of the United          States
COMPTROLLER
          GENERAL'S                                 NEED TQ IMPROVEMANAGEMENT  OF
REPORT
     TO THE CONGRESS                                THE ARMY'S TACTICAL VEHICLES
                                                    DEVELOPMENTPROGRAM B-133256


DIGEST
------

WHYTHE'REVIEW
            WAS'MADE
    I The Army Tank-Automotive Commandis responsible to the Army Materiel      I!:
      Commandfor the d                                       c~J-yhe&,Land
      t-Q&                                                   of $35.5 million
      was programmed by the Army Tank-Automotive Command for functions re-
      lating to research and development of vehicles,   and the command awarded
      contracts valued at about $545.7 million  for tactical   vehicle produc-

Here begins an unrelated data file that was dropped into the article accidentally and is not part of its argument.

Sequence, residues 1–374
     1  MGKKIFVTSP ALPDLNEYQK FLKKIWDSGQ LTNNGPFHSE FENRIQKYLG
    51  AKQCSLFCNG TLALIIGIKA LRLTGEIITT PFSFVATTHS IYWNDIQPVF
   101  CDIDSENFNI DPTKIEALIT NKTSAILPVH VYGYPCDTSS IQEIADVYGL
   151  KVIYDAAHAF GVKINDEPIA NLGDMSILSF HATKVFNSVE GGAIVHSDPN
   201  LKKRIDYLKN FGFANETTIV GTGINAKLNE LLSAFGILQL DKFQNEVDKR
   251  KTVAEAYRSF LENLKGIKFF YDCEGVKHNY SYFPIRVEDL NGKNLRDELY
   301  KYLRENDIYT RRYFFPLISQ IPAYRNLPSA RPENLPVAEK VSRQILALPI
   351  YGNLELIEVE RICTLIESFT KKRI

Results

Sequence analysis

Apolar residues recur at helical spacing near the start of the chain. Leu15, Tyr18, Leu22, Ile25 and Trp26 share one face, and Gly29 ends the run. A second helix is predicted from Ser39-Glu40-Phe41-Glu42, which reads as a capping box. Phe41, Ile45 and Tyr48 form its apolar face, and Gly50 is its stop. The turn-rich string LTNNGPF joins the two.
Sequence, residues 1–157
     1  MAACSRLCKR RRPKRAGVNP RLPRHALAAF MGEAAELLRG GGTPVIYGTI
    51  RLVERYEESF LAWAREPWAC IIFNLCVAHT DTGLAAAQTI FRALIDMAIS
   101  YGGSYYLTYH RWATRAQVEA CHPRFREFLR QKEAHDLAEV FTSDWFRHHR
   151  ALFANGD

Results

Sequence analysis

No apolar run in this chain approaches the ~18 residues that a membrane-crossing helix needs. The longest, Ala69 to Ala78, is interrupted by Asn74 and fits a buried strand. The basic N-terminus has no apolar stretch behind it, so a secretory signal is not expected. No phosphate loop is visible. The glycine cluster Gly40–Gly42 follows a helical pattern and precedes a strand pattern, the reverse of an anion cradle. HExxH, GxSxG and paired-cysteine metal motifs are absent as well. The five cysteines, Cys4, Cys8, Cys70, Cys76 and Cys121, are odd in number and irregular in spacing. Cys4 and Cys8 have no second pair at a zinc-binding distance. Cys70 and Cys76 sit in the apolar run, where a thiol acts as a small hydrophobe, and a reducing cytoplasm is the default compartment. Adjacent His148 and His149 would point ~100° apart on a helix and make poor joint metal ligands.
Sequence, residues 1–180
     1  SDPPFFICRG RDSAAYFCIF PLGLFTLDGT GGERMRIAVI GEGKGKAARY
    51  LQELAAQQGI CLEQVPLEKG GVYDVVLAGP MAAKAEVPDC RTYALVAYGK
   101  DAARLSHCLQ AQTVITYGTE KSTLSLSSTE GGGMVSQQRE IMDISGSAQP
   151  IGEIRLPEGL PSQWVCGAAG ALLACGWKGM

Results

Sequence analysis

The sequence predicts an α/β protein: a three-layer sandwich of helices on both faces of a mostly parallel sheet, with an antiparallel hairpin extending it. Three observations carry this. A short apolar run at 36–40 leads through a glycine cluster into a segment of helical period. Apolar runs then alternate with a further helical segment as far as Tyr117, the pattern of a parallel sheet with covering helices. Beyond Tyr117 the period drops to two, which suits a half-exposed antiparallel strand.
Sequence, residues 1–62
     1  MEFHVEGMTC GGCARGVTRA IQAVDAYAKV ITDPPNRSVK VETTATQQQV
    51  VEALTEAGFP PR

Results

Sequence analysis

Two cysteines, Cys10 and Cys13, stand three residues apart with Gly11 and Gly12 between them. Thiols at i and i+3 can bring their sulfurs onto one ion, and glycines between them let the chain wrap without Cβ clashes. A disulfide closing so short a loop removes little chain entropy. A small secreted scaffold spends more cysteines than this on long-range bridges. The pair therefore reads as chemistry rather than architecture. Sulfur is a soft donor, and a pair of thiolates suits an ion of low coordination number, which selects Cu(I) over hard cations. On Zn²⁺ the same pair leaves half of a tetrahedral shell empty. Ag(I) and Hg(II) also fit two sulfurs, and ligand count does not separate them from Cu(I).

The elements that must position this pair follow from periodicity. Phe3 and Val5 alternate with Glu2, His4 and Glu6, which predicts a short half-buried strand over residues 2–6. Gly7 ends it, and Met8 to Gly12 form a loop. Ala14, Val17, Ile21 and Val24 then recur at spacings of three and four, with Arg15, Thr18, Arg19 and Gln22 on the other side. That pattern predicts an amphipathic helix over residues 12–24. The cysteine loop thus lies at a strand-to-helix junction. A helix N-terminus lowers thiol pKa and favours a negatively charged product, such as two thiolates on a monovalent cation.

tion.

         Previous studies by the General Accounting Office (GAO) and the Army
         Audit Agency revealed m                             Recommendations for im-
         provement had been made                     Titudies.     This review was
         made as a follow-up to the earlier    reviews and concerned all tactical
         vehicle development programs initiated     subsequent to the previous GAO
         review.


FINDINGSANDCONCLUSIONS
         The review established        that problems have continued      despite   organiza-
         tional and procedural        changes.

                 --Vehicle engineering development efforts were initiated    and permitted